Republican lawmakers insist that their proposed anti-abortion amendment to the Kansas Constitution be put to voters on the August 2022 primary ballot, leading to criticism that they fear it would fail if put to a broader swath of voters during that year’s general election.

The issue of when voters would decide the measure’s fate kept it from clearing the GOP-controlled Legislature last year with the necessary two-thirds majorities in both chambers. A few Republicans objected to anti-abortion groups’ plan to have a vote in the August 2020 primary, preferring it be decided instead by the broader group of voters who would vote in November’s general election.

A House committee approved the measure Thursday, and GOP leaders planned to have the full House debate it Friday. The Senate had planned to debate its own, identical version Thursday, but postponed action until next week because a member was absent.

Both would overturn a Kansas Supreme Court decision in 2019 declaring access to abortion a “fundamental” right under the state’s Bill of Rights. Abortion opponents worry that future court rulings could strike down many restrictions already in place in Kansas.

Abortion opponents believe the timing of the election on their measure is less of an obstacle to its passage this year after elections last year left the Legislature with more conservative Republican supermajorities. But lawmakers keep raising the issue, with some wondering why the vote wouldn’t be this November and more wondering why it wouldn’t take place the following one.

“It’s kind of the sweet spot, where we’ve got a good number of people turning out,” said Brittany Jones, advocacy director for the anti-abortion Family Policy Alliance of Kansas. “But it doesn’t get lost.”

The measure would declare that the Kansas Constitution doesn’t grant a right to abortion and that legislators can regulate it “to the extent permitted” by the U.S. Constitution. Approval by a simple majority of voters in a statewide election would change the state constitution.

Abortion opponents argue that without the changes, abortion providers will sue successfully to overturn a raft of abortion laws enacted with bipartisan support. They include a 24-hour waiting period, a law requiring most minors to inform their parents of planned abortions, and “right to know” rules that dictate the information providers must give patients.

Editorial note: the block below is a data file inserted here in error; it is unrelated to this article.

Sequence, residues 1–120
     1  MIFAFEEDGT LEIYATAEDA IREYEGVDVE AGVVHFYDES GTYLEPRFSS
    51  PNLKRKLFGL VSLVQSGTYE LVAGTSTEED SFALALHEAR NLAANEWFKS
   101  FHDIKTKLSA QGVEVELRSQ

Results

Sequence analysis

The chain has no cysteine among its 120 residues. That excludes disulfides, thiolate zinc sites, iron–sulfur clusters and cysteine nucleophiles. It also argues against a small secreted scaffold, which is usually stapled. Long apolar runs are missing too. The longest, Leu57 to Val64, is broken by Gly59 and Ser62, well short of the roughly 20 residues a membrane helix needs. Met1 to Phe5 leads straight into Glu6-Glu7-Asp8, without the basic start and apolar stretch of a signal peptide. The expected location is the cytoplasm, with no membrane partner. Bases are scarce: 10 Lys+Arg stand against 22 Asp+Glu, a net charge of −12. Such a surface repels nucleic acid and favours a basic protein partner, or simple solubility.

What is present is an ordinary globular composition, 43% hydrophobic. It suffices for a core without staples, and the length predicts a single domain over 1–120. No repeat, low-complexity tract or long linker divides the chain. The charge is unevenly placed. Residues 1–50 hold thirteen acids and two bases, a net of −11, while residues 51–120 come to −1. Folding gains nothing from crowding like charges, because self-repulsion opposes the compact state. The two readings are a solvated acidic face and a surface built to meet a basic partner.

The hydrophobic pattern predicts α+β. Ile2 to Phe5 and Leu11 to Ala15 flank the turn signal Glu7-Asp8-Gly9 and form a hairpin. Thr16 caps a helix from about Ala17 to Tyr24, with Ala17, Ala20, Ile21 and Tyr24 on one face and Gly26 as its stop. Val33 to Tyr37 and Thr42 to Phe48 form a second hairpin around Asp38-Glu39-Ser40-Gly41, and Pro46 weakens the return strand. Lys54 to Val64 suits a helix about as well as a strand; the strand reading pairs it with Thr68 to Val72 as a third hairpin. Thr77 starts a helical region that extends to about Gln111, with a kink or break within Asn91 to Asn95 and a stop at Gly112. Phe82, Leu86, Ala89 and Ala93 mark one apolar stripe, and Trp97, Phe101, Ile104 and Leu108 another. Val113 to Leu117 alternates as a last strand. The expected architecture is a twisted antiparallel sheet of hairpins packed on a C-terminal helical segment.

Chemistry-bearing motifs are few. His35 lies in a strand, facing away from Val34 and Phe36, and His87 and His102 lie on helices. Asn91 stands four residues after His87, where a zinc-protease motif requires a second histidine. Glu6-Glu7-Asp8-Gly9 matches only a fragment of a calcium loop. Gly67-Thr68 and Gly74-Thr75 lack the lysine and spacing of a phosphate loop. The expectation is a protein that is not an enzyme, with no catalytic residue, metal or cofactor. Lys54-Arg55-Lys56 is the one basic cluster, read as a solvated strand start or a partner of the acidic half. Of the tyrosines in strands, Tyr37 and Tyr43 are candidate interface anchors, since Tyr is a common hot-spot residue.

Abortion rights supporters see the proposed amendment as a big step toward a statewide abortion ban, because one would be possible if the U.S. Supreme Court overturned its 1973 Roe v. Wade decision protecting abortion rights nationwide. They also contend that even without a ban, further restrictions would harm women’s health.

Even some Republicans who argue for putting the proposal to voters see anti-abortion groups picking August 2022 for a vote as a purely political calculation.

“They think they have to pick and choose an election cycle that favors them the most,” said former state Rep. Don Hineman, a moderate Dighton Republican who retired after voting against the measure last year because of the statewide vote’s timing.

Turnout in statewide primary elections has averaged 25.6% since 2010, and the figure for general elections is 60.3%. Since 2010, an average of 3.5 times as many Republicans have cast ballots in primaries as Democrats.

University of Kansas political scientist Patrick Miller said primary elections attract more partisan voters and typically, “the middle of the electorate tends to fade away.”

Julie Burkhart, founder of the abortion rights group Trust Women, added: “And there’s the potential for marginalizing our unaffiliated voters.”

When the House Federal and State Affairs Committee considered the measure Thursday, anti-abortion lawmakers rejected an attempt by Rep. Brandon Woodard, a Lenexa Democrat and abortion rights supporter, to switch the statewide vote to November 2022.

Woodard said later, “They think it would pass in August and not in November.”

Kansas holds municipal and local school board elections this year, and it’s possible to put the proposed amendment to a vote in November. Conservative Republican Sen. Dennis Pyle, of Hiawatha, floated the idea this week, arguing for amending the constitution as quickly as possible.

But other abortion opponents said turnout in municipal elections is too low — less than 19% statewide last year — and Pyle’s idea got no traction.

But if low turnout in an election this year is a concern, Jones also argued that the amendment might not get enough attention on a November 2022 ballot, when voters will decide races for the U.S. Senate and governor.

In August 2022, unaffiliated voters still could get a short ballot with only the abortion question. Jeanne Gawdun, a lobbyist for Kansans for Life, the state’s most influential anti-abortion group, predicted turnout would be far higher than for a normal primary.

“This is an opportunity to increase primary turnout, and that should make everybody happy,” Gawdun said.

But Miller said the “simplest explanation” is than insisting on an August 2022 vote is a “smart, strategic choice.”

“Essentially, you’re choosing your voters,” he said. “Turnout is going to be skewed even more in your favor than it already is.”